Agribusinesses are preventing rural workers in South Africa from forming unions and obliging them to work with pesticides without proper safety equipment, a US-based human rights watchdog charged today: here.
U.S. Civil War Took Bigger Toll Than Previously Estimated, New Analysis Suggests: here.
On June 22, 1865, the final shot in the Civil War was fired, effectively putting an end to chattel slavery in the continental United States and dumping the carcass of that accursed system in the deepest tomb of history. Or, so we thought. Down in Dixie, as well as up North, the horrors of slavery have once again scratched and clawed their way out of the hole we thought we’d left them in. The victories of the workers, soldiers and slaves of the past are being encroached upon: here.
Karl Marx and the US Civil War: here.
One of the most prominently featured and commented upon films at the 2013 Toronto film festival was 12 Years a Slave from British director Steve McQueen. The movie is based on the 1853 book of the same title by Solomon Northup (born in 1808), a free black man who lived in Saratoga Springs, New York, before he was kidnapped in Washington, DC in 1841 and sold into slavery. He was eventually rescued in 1853: here.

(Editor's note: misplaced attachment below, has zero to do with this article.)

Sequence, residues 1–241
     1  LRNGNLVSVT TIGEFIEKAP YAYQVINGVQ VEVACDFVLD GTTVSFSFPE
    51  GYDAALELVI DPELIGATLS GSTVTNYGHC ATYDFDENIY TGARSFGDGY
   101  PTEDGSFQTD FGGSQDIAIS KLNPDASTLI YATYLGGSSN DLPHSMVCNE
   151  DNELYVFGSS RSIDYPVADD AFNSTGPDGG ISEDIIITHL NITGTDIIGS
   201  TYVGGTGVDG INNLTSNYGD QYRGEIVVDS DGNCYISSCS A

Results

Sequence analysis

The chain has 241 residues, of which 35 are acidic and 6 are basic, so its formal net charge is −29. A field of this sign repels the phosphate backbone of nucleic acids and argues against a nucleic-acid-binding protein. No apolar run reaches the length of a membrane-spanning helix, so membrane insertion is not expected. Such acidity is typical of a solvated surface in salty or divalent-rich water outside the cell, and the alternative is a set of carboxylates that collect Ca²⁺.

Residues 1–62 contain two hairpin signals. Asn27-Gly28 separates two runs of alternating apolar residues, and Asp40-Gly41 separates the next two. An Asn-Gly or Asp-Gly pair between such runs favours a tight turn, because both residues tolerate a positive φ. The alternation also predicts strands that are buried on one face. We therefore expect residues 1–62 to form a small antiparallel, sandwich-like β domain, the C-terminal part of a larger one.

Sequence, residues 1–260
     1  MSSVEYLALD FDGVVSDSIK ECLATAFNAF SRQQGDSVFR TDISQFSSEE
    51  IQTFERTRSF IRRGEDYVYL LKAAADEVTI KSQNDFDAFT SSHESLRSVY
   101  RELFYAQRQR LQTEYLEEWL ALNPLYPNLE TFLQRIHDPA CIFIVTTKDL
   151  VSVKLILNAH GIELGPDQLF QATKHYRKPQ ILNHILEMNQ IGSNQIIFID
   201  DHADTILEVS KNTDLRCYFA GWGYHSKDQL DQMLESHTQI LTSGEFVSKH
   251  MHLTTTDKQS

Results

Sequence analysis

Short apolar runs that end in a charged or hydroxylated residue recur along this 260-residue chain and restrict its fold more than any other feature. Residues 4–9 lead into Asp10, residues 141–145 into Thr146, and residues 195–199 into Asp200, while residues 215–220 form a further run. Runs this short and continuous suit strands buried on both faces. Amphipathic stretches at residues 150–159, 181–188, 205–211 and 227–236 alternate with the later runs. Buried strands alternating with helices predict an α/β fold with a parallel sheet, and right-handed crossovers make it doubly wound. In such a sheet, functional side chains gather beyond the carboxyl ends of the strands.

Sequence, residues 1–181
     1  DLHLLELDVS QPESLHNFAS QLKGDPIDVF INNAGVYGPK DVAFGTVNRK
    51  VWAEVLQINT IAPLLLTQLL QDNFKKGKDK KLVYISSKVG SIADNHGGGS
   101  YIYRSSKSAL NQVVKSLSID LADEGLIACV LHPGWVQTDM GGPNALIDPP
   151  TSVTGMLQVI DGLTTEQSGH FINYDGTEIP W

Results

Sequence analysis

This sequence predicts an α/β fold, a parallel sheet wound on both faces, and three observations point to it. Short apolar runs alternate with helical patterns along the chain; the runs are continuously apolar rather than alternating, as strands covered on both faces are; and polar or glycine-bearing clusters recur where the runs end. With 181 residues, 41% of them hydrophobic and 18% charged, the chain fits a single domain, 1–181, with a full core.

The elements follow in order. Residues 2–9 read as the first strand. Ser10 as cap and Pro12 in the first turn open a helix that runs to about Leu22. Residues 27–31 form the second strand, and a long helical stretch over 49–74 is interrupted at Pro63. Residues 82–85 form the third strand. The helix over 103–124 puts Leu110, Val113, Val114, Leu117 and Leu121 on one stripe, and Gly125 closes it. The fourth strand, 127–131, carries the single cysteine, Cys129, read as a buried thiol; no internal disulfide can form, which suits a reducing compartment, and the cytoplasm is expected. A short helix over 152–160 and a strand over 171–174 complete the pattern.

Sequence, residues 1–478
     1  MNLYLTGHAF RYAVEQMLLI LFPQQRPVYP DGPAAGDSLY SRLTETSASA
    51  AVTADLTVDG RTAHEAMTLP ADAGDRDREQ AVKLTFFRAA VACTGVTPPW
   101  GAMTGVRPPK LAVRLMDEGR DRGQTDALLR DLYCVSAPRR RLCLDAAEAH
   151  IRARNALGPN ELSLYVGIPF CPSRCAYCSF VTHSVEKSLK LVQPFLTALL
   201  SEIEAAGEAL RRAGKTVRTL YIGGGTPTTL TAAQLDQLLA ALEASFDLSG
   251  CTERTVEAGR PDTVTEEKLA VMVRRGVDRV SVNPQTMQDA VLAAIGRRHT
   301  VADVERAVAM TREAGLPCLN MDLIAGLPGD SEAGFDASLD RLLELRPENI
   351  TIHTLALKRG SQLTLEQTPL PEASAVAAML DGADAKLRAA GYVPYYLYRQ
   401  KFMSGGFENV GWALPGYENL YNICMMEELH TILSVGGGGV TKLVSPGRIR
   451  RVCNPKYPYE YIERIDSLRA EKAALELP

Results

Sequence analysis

On December 6, 1865, Georgia became the 27th state to pass the 13th Amendment to the United States Constitution, securing ratification of the measure that abolished once and for all the institution of chattel slavery in the US: here.
Descendant of last survivor of last slave ship to travel from Africa to US tells of pride as forefather’s story is published – 87 years after it was written. Cudjo Lewis told his story to the writer Zora Neale Hurston, but when she submitted her manuscript in 1931 no publisher wanted it: here.
Brazilian MPs approved a constitutional amendment on Tuesday that strengthens punishments for landowners and capitalists who force people into slave-like working conditions.
- Lincoln issues Emancipation Proclamation – History.com This Day in History – 9/22/1862 (worldhistoryreview.org)
- Emancipation Jubilee ~ 150th Anniversary of the Emancipation Proclamation ~ 1865 Project (indybay.org)
- More on Beloved – Part 3 (everythingyourunawayfrom.wordpress.com)
- SEPTEMBER 22 = “Thenceforward, and forever free…” (krusty1960historysstory.wordpress.com)
- 1861 map of US slavery (kottke.org)
- Crocker Art Museum ~ Autumnal Equinox Reading of the Emancipation Proclamation (indybay.org)